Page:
Dr Paul Malis (left) and Dr Ken O'Neill comment on the SIGN recommendations for management of stable angina in primary care

The Scottish Intercollegiate Guidelines Network (SIGN) has recently published an updated guideline for the management of stable angina (SIGN 96).1 Stable angina, also known as chronic angina, is a facet of coronary heart disease (CHD), and typically occurs on exertion. It is quickly relieved by medication or rest. Patients with stable angina are at increased risk of myocardial infarction (MI) and premature death.2 Targeting these patients with effective treatments is an important component of their management, along with educating them on lifestyle interventions.

Management of stable angina

With the introduction of the GMS contract and the implementation of Quality Outcome Framework (QOF) points,3 GPs' time is becoming subject to increasing degrees of performance management. The management of CHD is also affected by this. The CHD indicators, which can be viewed here, show what is expected from each practice in order to qualify for QOF points.

Recommendations on diagnosis

There are a number of recommendations in the guideline to assist GPs in the diagnosis of stable angina. An initial diagnosis can be made within primary care but this should be supported by further assessment and risk stratification, which will normally require specialist input.1 The SIGN guideline is very helpful in this respect by detailing diagnosis, clinical assessments, and risk factors associated with increased risk of angina. Risk factors in individual patients include smoking, hypertension, diabetes, family history of CHD, and raised levels of cholesterol and other lipids.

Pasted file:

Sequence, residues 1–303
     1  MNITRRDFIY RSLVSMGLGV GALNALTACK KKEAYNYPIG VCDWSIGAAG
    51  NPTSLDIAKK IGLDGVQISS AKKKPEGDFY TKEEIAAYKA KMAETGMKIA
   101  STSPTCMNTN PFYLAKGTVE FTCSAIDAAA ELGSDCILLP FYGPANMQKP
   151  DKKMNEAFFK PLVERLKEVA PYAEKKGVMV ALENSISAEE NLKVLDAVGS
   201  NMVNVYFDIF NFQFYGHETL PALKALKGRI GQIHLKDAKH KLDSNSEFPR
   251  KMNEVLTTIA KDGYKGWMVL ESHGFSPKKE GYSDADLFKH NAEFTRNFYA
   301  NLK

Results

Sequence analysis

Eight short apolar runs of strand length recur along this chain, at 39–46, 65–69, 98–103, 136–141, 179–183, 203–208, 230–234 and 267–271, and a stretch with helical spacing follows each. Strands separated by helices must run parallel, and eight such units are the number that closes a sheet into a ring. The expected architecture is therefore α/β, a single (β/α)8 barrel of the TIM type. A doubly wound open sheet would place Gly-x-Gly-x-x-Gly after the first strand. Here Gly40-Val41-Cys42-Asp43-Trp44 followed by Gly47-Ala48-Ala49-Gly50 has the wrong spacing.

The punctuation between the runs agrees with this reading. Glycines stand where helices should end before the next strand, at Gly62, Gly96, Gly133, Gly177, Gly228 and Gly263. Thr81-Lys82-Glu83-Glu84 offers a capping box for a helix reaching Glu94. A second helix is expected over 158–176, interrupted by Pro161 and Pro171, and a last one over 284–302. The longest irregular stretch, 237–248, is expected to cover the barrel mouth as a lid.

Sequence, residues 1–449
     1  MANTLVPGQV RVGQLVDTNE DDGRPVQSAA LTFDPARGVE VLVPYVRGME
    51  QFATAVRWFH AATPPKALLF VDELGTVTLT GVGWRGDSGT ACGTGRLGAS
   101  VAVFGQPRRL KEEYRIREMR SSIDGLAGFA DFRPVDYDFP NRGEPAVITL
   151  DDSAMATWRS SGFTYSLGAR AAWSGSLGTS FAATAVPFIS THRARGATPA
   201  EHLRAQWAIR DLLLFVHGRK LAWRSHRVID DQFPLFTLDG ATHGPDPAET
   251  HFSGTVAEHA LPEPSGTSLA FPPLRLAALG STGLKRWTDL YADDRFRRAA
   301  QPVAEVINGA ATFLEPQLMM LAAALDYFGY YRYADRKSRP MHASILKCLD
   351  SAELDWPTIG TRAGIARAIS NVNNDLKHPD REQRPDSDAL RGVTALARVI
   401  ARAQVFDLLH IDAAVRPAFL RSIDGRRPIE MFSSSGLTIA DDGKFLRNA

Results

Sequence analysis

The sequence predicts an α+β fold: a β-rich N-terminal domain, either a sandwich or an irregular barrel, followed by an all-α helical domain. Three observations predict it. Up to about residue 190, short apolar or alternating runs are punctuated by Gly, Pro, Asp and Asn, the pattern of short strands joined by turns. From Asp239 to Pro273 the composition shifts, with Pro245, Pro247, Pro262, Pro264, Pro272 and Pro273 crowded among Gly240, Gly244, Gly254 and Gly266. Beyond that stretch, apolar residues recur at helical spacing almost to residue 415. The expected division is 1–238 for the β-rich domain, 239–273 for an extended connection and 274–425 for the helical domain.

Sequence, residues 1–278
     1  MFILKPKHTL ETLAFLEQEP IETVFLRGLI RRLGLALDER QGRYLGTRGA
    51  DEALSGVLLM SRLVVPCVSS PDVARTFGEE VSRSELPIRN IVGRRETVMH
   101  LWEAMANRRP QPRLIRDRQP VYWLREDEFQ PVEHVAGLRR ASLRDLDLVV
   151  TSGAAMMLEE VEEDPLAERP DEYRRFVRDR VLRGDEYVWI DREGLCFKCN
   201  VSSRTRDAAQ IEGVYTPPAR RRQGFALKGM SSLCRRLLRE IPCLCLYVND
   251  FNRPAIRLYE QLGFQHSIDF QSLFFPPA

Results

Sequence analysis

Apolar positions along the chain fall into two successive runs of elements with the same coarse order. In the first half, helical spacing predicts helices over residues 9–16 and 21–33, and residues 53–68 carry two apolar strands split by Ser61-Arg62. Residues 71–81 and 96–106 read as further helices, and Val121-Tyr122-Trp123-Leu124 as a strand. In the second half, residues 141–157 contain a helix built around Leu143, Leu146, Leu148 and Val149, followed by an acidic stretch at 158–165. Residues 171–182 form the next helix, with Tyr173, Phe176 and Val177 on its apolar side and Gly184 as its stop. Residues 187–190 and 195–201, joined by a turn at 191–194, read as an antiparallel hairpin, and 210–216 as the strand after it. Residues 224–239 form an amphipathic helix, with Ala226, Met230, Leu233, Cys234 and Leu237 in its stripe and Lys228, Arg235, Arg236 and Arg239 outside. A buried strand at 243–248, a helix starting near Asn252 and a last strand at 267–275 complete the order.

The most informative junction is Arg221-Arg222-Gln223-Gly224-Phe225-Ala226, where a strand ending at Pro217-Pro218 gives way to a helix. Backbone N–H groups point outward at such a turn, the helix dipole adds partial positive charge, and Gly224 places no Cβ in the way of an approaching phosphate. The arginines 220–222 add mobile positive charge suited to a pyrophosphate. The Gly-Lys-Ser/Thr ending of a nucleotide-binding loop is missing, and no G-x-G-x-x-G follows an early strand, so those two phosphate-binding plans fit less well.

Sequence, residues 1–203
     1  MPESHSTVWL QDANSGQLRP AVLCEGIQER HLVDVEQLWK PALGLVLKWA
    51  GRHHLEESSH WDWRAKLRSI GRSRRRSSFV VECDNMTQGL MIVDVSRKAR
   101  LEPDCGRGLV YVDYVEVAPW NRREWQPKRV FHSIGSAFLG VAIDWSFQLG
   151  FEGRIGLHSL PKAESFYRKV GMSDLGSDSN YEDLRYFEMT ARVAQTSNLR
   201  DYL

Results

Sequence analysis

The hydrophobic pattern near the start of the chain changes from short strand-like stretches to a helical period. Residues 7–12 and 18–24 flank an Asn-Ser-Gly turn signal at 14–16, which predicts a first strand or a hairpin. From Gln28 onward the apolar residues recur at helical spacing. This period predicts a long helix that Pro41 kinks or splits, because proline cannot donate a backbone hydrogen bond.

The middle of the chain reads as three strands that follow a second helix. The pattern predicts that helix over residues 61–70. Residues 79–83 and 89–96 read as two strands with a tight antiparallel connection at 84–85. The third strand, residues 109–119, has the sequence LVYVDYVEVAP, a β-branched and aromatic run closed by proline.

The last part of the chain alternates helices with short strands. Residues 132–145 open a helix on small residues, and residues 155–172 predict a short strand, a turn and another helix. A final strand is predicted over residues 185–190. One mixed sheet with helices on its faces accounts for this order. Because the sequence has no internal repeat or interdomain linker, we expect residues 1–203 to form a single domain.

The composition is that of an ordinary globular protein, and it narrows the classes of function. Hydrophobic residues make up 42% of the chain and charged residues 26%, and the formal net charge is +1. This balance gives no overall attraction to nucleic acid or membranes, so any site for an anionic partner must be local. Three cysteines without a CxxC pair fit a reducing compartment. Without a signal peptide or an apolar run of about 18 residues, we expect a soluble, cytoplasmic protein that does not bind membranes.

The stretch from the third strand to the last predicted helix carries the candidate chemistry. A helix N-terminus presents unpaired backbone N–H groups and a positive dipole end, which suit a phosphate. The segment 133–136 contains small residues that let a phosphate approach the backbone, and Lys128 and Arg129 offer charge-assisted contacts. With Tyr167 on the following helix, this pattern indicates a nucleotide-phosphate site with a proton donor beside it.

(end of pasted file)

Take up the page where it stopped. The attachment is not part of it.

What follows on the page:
The guideline indicates that a patient suspected of having angina should undergo a detailed clinical assessment, which should include:

  • history and examination
  • blood pressure measurement
  • haemoglobin level testing
  • assessment of thyroid function measurement of cholesterol and fasting blood glucose levels.


If symptoms persist, other factors should be considered. These include the following:

  • body mass index or waist circumference
  • murmur evaluation
  • presence of depression or feelings of social isolation
  • levels of physical activity

Clinical assessment should be followed by a baseline electrocardiogram (ECG) and an exercise tolerance test (ETT). Patients who are unable to undergo ETT or who have pre-existing ECG abnormalities should be considered for myocardial perfusion scintigraphy. Any high-risk patients would then be candidates for coronary angiography.

Pharmacological treatment

There are two main reasons to begin treatment for angina: to prevent MI, and to reduce the severity of symptoms. The recommended drug treatments for angina are as follows:

  • sublingual glyceryl trinitrate tablets or spray for immediate relief of angina, or before beginning exercise likely to induce an attack
  • beta blockers as first-line therapy for relief of symptoms
  • rate-limiting calcium channel blockers, long-acting nitrates, or nicorandil—for patients who cannot tolerate a beta blocker
  • if adequate control of symptoms is not achieved with a beta blocker, a calcium channel blocker should be added—if symptoms are still not controlled with maximum therapeutic doses, patients should be referred to a cardiologist
  • all patients with stable angina should be receiving long-term standard aspirin and statin therapy